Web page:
Post by Jep Gambardella on Nov 3, 2019 23:54:03 GMT
Asterix and Tintin if those count.
The Perry Rhodan science fiction series, which my father (a big fan of science fiction) started buying for my brother and me when I was about eight or nine years old, even though it wasn't really meant for children that young (not that there was anything age-inappropriate in the books - it just that children were definitely not the target public). I was really obsessed with those books and read them for years.
All of the Little House books. I had no use for the series which I always thought was sugar coated. I also loved the Mary Poppins books. She was so smug!
I also loved the Little House books even though they sometimes made me very sad, the TV series did the books a great injustice. I also liked the Anne of Green Gables books and the books by Louisa May Alcott . Another book I really liked was about the Underground Railway and Harriet Tubman but I can't remember the name of the book, I read it in the mid 1950's, my Aunt lent it to me and explained a lot about the Underground Railway, some of my ancestors that lived in Southern Illinois were part of the system, my Aunt told me some of the stories her grandmother told her, I wish I would have written them down.
Depends on what age. The first favourite books I can remember are Beatrix Potter's, especially The Tailor of Gloucester. Then when I was a little older I had a passion for the Narnia books by C.S.Lewis, which I read over and over again. When I was ten I think my favourites were the Jennings book by Anthony Buckeridge, which I also read over and over again. Then I think I was about eleven when I first read Three Men In A Boat by Jerome K. Jerome, and which is still my favourite book.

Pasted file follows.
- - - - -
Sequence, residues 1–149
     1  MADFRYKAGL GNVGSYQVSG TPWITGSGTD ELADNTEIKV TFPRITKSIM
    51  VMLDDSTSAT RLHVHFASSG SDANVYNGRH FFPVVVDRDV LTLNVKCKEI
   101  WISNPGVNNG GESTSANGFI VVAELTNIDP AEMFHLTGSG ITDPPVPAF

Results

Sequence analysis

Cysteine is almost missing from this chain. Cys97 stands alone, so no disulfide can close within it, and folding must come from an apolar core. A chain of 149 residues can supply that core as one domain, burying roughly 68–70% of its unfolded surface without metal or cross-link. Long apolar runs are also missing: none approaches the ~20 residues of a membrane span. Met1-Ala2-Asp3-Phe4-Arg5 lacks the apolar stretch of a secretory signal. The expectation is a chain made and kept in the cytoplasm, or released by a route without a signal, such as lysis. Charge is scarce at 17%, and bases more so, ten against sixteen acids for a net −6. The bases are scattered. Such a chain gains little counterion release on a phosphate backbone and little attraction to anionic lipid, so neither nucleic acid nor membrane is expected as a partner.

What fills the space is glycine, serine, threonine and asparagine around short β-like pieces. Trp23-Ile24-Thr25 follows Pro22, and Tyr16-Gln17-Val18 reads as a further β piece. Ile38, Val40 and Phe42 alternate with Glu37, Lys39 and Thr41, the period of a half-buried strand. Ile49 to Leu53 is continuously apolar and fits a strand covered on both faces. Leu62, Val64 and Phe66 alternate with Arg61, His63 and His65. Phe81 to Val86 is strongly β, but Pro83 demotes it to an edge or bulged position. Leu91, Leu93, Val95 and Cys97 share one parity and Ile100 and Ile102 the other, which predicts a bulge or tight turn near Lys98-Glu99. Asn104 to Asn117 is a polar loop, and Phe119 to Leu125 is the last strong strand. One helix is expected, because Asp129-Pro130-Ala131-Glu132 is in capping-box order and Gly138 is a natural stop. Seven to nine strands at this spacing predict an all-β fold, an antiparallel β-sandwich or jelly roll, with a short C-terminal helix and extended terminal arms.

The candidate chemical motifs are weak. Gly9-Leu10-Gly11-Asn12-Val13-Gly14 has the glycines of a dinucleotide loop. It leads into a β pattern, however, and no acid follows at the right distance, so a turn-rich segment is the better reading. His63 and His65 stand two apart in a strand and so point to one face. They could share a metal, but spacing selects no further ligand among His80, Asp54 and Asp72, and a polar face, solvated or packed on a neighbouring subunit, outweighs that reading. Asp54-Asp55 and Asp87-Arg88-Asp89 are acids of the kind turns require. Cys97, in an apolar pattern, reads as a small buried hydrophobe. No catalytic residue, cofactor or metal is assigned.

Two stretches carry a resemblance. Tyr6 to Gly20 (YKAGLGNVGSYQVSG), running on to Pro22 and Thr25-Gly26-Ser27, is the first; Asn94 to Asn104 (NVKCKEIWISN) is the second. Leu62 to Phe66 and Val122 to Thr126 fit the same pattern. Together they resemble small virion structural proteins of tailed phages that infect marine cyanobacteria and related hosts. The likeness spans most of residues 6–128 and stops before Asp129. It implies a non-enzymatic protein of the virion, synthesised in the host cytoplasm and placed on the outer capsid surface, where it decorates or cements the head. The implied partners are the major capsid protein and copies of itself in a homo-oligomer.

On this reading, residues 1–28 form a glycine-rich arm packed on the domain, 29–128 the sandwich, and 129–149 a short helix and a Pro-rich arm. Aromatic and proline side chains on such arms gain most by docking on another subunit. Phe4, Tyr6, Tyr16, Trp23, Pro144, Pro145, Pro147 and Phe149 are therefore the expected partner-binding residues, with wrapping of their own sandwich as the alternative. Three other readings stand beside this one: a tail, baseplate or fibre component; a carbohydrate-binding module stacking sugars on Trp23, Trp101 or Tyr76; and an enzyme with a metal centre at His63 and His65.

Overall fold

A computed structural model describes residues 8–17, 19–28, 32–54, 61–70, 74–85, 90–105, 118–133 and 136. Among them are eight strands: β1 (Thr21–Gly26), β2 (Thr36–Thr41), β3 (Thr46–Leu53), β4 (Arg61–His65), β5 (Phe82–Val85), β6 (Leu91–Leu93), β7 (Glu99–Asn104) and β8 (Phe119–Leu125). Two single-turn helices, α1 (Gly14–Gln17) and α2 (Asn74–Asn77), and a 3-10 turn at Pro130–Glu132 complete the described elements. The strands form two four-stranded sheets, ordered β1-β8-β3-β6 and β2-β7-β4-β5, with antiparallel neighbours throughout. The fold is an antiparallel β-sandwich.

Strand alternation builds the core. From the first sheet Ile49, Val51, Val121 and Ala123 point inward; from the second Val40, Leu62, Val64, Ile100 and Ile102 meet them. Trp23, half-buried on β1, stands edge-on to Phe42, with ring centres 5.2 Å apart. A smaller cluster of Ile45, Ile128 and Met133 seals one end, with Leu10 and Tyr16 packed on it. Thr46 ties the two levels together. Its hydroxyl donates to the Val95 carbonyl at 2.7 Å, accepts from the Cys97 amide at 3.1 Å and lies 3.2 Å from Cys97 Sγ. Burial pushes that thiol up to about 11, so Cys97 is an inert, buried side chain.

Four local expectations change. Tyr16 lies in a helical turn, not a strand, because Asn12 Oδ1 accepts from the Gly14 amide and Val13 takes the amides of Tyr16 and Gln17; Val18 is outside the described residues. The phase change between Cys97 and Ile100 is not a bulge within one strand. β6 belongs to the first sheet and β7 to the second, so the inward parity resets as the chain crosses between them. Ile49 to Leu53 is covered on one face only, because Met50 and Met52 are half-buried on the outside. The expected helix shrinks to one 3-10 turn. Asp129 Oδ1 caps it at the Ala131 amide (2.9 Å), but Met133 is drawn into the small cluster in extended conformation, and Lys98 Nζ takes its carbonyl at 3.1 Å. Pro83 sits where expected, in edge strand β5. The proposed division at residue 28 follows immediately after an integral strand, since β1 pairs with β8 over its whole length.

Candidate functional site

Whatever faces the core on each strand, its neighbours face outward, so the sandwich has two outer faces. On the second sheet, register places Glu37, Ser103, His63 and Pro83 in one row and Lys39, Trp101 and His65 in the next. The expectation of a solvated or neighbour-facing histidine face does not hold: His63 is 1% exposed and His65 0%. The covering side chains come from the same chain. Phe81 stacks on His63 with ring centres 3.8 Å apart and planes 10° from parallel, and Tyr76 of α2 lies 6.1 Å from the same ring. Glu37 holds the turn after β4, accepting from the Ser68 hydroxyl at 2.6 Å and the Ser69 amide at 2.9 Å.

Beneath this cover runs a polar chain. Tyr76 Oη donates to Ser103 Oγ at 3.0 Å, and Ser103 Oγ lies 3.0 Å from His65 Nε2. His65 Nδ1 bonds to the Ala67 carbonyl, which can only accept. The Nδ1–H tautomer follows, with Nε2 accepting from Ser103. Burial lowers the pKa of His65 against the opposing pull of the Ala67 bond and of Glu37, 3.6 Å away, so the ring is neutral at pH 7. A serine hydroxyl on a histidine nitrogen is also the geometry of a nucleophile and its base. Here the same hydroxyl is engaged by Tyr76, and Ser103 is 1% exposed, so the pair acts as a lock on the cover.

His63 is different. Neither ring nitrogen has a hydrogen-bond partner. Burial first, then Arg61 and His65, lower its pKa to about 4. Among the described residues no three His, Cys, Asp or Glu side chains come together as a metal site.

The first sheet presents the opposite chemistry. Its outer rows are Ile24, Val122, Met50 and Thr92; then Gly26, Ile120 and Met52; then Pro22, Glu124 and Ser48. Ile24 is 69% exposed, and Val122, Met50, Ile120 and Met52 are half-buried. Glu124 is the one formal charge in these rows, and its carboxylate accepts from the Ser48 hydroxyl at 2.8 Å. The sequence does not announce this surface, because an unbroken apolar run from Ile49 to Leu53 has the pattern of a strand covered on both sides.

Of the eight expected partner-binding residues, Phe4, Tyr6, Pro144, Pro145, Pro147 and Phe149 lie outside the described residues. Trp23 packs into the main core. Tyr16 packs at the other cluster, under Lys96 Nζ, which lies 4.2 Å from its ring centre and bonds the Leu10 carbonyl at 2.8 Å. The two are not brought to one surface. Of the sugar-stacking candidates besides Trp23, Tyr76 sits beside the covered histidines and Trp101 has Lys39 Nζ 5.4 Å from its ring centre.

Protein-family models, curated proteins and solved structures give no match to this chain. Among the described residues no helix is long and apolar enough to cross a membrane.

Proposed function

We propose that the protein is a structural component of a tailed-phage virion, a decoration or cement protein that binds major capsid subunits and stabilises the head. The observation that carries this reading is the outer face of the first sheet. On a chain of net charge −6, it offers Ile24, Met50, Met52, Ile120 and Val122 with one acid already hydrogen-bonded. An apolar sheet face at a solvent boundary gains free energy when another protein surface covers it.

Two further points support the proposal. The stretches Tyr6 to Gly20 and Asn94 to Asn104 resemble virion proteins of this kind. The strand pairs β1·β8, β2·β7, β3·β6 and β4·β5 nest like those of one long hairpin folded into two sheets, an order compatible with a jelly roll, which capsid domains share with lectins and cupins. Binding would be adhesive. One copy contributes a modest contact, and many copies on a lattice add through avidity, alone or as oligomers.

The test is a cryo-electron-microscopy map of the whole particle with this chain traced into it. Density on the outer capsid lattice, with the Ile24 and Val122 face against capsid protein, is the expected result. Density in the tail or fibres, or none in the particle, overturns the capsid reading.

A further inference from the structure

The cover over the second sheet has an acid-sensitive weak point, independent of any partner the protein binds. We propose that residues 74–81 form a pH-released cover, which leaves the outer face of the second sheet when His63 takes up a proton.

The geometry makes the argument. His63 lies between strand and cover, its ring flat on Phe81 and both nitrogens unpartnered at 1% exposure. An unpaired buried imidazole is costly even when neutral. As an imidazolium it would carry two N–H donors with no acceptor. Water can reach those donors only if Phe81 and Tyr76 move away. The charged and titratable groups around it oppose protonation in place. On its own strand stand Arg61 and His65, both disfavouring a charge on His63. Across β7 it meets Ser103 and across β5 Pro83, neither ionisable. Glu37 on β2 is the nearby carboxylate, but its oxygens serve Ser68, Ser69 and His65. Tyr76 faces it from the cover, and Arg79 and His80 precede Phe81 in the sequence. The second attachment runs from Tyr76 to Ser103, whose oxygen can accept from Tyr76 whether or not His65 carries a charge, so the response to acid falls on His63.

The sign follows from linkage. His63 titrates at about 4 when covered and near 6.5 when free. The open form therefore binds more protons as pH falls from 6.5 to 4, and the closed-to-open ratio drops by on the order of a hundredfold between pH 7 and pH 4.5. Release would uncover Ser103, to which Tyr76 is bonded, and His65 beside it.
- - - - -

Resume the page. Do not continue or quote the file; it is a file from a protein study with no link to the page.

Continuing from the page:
Misty of Chincoteague by Marguerite Henry (also her other "horse" books i.e. Sea Star, King of the Wind, Stormy etc,) I also loved The Secret Garden and the Nancy Drew mysteries, the Nancy Drew books I read were from the 1930's(the blue books with orange lettering on the cover)
I had a lot of those, inherited from my mom. What's especially interesting about those editions, is that if you compare them with the later ones, it's striking how much the language used in them has been somewhat 'dumbed down'. It's not as if the originals were especially challenging reads, but the sophistication of language, grammar and syntax is noticeably higher in them.
I used to get a big kick out of some of the old Alfred Hitchcock anthologies, that were tailored to kids (and not all that tailored either, some of the stories were actually pretty darn scary), like Monster Museum and AH Presents Ghost Stories for Kids. In fact, I still have a copy of Monster Museum, and still enjoy re-reading it from time to time.
When I was young and could read I hated the books for youths. When I was 11 I started reading adult books and loved those. But the time I was really young and my mom or dad would read to me, Green Eggs and Ham was my favourite.
Post by HumanFundRecipient on Nov 30, 2019 18:48:31 GMT
Tales of a Fourth Grade Nothing and Superfudge, by Judy Blume. A lesson to any teachers, if you want grade level books to be used for book reports, make sure you have a book list! My eighth grade teacher openly expressed her slight disappointment to me a I chose Superfudge for a book report that year. I still got got a good grade.
You say it, you even think it, you can have it. Are we beginning to see the possibilities here?
A book I read in the 8th grade was "The Stars My Destination" by Alfred Bester. It won the sci fi Hugo award in about 1954. This novel blew me away and I became an instant sci fi fan. It also introduced me to William Blake's fantastic poetry.
Last Edit: Nov 30, 2019 19:09:41 GMT by koskiewicz